Ezra Manning Meeker was an American pioneer who traveled the Oregon Trail by ox-drawn wagon as a young man, migrating from Iowa to the Pacific Coast. Late in life he worked to memorialize the Trail, repeatedly retracing the trip of his youth. Once known as the "Hop King of the World", he was the first mayor of Puyallup, Washington.
Meeker was born in Butler County, Ohio, to Jacob and Phoebe Meeker. His family relocated to Indiana when he was a boy. He married Eliza Jane Sumner in 1851; the following year the couple, with Ezra's brother and with their newborn son, set out for the Oregon Territory, where land could be claimed and settled on. Although they endured hardships on the Trail in the journey of nearly six months, the entire party survived the trek. Meeker and his family briefly stayed near Portland, then journeyed north to live in the Puget Sound region. They settled at what is now Puyallup in 1862, where Meeker grew hops for use in brewing beer. By 1887, his business had made him wealthy, and his wife built a large mansion for the family. In 1891 an infestation of hop aphids destroyed his crops and took much of his fortune. He later tried his hand at a number of ventures, and made four largely unsuccessful trips to the Klondike, taking groceries and hoping to profit from the gold rush.
Ezra Manning Meeker was born in Butler County, Ohio, near Huntsville, on December 29, 1830, the son of Jacob (1804–1869) and Phoebe Meeker (née Baker; 1801–1854). His paternal ancestors had been among the early settlers of Elizabeth, New Jersey, where their ancestral home was located. In the American Revolutionary War, about twenty Meekers fought for the new nation. Ezra was the fourth of the six children Jacob and Phoebe had together, with older brothers John, Manning (died at age one week) and Oliver, and a younger sister Hannah and brother Clark.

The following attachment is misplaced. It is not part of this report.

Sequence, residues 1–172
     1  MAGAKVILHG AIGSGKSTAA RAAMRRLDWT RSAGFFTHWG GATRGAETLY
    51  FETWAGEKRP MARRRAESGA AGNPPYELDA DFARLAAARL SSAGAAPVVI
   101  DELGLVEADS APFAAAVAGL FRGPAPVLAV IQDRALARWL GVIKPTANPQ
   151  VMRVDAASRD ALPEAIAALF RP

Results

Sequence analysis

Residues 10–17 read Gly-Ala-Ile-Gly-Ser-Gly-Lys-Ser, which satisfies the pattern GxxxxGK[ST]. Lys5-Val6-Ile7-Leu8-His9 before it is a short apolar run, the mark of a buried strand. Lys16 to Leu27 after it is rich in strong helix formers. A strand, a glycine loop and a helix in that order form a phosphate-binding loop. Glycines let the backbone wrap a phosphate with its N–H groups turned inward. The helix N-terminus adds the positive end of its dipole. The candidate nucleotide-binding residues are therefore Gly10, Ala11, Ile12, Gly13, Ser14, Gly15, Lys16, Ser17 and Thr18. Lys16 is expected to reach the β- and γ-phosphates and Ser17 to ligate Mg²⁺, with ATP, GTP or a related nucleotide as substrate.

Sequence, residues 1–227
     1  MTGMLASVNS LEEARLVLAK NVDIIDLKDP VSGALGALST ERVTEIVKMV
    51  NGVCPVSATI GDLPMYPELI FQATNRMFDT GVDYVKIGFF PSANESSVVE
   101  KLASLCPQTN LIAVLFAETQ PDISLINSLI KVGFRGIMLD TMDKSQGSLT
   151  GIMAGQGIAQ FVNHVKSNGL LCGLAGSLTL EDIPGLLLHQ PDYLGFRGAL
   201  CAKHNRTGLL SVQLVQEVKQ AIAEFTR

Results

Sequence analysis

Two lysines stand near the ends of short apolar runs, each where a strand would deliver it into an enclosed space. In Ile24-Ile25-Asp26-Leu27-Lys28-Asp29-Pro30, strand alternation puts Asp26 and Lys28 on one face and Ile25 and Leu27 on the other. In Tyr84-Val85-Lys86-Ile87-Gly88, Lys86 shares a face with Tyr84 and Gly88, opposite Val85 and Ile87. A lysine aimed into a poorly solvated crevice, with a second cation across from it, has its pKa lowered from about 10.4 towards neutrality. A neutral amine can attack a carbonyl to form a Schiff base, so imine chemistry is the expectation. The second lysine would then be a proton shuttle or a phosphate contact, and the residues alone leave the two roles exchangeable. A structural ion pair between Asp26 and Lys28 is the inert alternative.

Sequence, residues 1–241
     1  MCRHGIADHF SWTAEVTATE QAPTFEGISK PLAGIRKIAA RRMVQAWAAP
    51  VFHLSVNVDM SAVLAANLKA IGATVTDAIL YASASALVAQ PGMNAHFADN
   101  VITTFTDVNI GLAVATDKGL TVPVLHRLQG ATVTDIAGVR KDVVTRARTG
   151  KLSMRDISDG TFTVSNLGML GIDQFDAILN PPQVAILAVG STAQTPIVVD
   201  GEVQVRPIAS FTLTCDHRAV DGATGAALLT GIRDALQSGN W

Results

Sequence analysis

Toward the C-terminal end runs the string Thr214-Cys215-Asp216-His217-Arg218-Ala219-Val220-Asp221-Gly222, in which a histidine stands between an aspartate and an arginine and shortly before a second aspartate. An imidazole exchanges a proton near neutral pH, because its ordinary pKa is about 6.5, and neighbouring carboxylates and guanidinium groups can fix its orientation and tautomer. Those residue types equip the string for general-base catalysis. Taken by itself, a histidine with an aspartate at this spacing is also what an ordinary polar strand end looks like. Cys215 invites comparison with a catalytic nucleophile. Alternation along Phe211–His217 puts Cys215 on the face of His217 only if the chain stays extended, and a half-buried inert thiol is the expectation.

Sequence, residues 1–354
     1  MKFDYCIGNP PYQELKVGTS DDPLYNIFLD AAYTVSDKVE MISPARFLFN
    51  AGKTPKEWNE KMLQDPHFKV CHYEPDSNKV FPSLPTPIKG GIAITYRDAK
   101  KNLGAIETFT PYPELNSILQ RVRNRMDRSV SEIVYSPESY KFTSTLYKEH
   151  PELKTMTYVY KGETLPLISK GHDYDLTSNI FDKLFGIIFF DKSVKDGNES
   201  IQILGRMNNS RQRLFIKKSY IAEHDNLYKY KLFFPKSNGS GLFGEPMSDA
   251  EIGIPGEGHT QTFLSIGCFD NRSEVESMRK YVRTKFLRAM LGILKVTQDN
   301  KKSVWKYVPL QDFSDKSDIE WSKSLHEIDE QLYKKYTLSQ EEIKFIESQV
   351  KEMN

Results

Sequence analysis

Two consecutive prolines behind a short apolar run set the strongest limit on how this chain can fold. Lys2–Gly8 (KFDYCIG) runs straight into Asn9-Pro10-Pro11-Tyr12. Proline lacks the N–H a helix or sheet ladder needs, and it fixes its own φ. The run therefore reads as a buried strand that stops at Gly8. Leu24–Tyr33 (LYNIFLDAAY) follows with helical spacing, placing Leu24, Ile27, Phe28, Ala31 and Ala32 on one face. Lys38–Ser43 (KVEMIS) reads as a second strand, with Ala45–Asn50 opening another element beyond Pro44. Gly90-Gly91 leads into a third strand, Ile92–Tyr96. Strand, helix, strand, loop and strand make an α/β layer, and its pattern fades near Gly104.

Jacob was a miller and farmer. In 1839, the family moved from Ohio to Indiana, close to Indianapolis—Ezra and his older brother Oliver walked behind the family wagon for 200 miles (320 km). Ezra had little formal education; he later estimated a total of six months. Phoebe, seeing that her son's mind was not well adapted to formal learning, allowed him to earn money through odd jobs. He obtained work as printer's devil at the Indianapolis Journal, where his duties involved delivering the newspaper to subscribers, among them local pastor Henry Ward Beecher. In 1845, Phoebe's father, a Cincinnati merchant, gave his daughter $1,000, enough to buy the family a farm. As both Jacob and Ezra Meeker realized the boy enjoyed the outdoor life more than inside work, Jacob placed Ezra in charge of the farm, allowing the elder Meeker to work as a miller.
Meeker's first employment in the Pacific Northwest was unloading a ship that had docked at Portland. He moved to the nearby town of St. Helens, where construction of a wharf in competition with Portland's was under way—Oliver rented a house to lodge workers in, and Ezra went to help his brother. By this time, Ezra Meeker and his wife were determined to fulfill their original plan to farm, and when work was abandoned on the wharf, he went to find land which could be cultivated.
Meeker first made a claim in January 1853 about 40 miles (64 km) downriver from Portland, on the current site of Kalama, Washington. There, he built a log cabin and began his first farm. He did not build close to the water, which proved fortunate as there was a major flood on the Columbia soon after he claimed the land. Instead, he profited from the incident, selling logs the river left on his claim, together with trees he chopped down, for lumber.